died. She was 94.

Publicist Gene Willis of Universal Uclick said Phillips
died Wednesday after a long battle with
Alzheimer's disease.

Phillips' column competed for decades with the
advice column of Ann Landers, written by her twin
sister, Esther Friedman Lederer. Their relationship
was stormy in their early adult years, but later
they regained the close relationship they had
growing up in Sioux City, Iowa.

The two columns differed in style. Ann Landers
responded to questioners with homey, detailed
advice. Abby's replies were often flippant
Rex Trailer
January 9, 2013

Rex Trailer, the native Texan beloved by a generation
of New England children for the cowboy skills he
demonstrated on the Boston-based television show
"Boomtown," has died. He was 84.

Trailer died Wednesday at his family's home in Florida,
said his friend and manager Michael Bavaro. He had
fallen ill with pneumonia in Florida over the holidays,
but the exact cause of death was not immediately

"Boomtown" ran on Boston television from 1956 until
1974. Trailer hosted the show, singing, playing guitar
and showing off the horse-riding, roping and other
cowboy skills he had learned as a boy on his
grandfather's ranch in Texas.

The show wa s an instant success when it first aired,
the live studio audience enraptured by Trailer's Texas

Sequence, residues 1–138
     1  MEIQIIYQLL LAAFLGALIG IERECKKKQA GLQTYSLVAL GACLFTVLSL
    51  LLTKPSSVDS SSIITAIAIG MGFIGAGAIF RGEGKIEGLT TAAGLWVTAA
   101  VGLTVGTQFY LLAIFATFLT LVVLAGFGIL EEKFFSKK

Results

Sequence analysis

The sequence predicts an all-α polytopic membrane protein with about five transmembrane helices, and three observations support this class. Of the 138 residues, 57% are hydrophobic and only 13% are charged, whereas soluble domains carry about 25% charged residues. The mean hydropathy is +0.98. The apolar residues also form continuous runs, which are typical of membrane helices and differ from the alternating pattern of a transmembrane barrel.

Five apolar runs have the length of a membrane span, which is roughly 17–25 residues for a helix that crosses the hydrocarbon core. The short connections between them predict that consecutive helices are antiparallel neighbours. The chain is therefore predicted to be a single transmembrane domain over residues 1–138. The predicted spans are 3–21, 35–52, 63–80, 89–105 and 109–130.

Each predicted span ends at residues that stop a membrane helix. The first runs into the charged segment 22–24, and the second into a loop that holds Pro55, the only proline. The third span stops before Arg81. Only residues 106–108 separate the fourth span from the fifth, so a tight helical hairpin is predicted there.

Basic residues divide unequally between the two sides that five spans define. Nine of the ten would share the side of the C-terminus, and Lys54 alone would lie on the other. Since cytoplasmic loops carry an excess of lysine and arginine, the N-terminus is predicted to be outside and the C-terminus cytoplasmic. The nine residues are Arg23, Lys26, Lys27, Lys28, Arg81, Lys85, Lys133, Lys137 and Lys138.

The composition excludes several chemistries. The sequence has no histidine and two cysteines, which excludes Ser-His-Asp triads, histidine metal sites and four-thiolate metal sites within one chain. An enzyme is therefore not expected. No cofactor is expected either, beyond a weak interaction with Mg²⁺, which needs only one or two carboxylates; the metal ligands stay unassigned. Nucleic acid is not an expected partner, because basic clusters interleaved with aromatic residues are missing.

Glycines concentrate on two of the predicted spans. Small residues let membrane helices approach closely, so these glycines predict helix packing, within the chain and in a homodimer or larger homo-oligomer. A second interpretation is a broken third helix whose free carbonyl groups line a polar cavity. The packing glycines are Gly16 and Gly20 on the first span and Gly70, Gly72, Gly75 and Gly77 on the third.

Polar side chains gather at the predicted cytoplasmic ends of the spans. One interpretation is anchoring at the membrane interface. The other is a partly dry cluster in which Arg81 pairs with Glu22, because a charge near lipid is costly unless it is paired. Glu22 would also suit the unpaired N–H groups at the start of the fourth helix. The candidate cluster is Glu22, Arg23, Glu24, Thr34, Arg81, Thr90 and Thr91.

twang. It aired live every Saturday and Sunday
morning for three hours. More than 250,000 kids
appeared on "Boomtown" over the years and more
than 4 million watched from home, according to the
Massachusetts Broadcasters Hall of Fame. Trailer was
inducted in 2007.
Conrad Bain
January 14, 2012

Conrad Bain, the actor best known for his long run as
father Philip Drummond on the hit series "Diff'rent
Strokes," died Monday night in Livermore, Calif., TMZ
reports. He was 89.

While details are scant, Jennifer Bain, the actor's
daughter, confirmed the news to the website, saying: "He
was an amazing person. He was a lot like Mr. Drummond,
but much more interesting in real life. He was an amazing
father." She added that Bain was with family for his last

At age 55, the Canadian-born Bain appeared on 179
episodes of the landmark "Diff'rent Strokes" sitcom, which
ran from 1978 to 1986. Bain played a Manhattan
millionaire who adopted the children of his former
household maid, an African American. The children were
played by child stars Gary Coleman and Todd Bridges.
Dana Plato portrayed Mr. Drummond's biological daughter.
Patty Andrews
January 30, 2013

singer Patty Andrews, the last survivor of the three
singing Andrews sisters, who has died in Los Angeles
at age 94. Andrews died Wednesday, Jan. 30, 2013, at
her home in suburban Northridge of natural causes,
said family spokesman Alan Eichler. Maxene, the
middle Andrews sister, died in 1995 and LaVerne, the
eldest, in 1967.

They were the swinging, sassy voice of the home front
for U.S. service personnel overseas during World War
II, singing catchy hit tunes such as "Boogie Woogie
Bugle Boy" and "Rum and Coca Cola" that delighted
Americans and catapulted the Andrews Sisters to the
very top of the pop charts.

One of the most successful female recording groups in
pop history, the sisters -- LaVerne, Maxene and Patty
Andrews -- became a beloved American institution,
lifting the nation's spirits during a conflict whose
outcome seemed often in doubt.